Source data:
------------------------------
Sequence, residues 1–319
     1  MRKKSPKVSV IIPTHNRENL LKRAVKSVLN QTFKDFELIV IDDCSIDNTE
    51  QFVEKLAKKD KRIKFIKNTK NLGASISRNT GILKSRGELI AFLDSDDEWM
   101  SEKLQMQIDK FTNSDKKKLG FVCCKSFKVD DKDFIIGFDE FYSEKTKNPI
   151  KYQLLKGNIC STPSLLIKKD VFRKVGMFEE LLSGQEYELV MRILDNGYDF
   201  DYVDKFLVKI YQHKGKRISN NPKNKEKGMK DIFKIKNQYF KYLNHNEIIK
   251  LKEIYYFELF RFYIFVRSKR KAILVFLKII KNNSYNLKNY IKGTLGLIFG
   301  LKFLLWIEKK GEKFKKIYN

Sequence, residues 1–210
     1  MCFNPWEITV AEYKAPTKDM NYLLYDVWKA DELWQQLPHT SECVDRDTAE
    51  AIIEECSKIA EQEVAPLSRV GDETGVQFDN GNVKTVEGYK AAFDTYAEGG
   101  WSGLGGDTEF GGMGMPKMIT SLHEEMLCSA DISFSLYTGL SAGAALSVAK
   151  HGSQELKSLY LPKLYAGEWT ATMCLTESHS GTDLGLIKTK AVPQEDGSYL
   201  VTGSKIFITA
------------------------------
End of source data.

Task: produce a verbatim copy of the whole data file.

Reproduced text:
Sequence, residues 1–319
     1  MRKKSPKVSV IIPTHNRENL LKRAVKSVLN QTFKDFELIV IDDCSIDNTE
    51  QFVEKLAKKD KRIKFIKNTK NLGASISRNT GILKSRGELI AFLDSDDEWM
   101  SEKLQMQIDK FTNSDKKKLG FVCCKSFKVD DKDFIIGFDE FYSEKTKNPI
   151  KYQLLKGNIC STPSLLIKKD VFRKVGMFEE LLSGQEYELV MRILDNGYDF
   201  DYVDKFLVKI YQHKGKRISN NPKNKEKGMK DIFKIKNQYF KYLNHNEIIK
   251  LKEIYYFELF RFYIFVRSKR KAILVFLKII KNNSYNLKNY IKGTLGLIFG
   301  LKFLLWIEKK GEKFKKIYN

Sequence, residues 1–210
     1  MCFNPWEITV AEYKAPTKDM NYLLYDVWKA DELWQQLPHT SECVDRDTAE
    51  AIIEECSKIA EQEVAPLSRV GDETGVQFDN GNVKTVEGYK AAFDTYAEGG
   101  WSGLGGDTEF GGMGMPKMIT SLHEEMLCSA DISFSLYTGL SAGAALSVAK
   151  HGSQELKSLY LPKLYAGEWT ATMCLTESHS GTDLGLIKTK AVPQEDGSYL
   201  VTGSKIFITA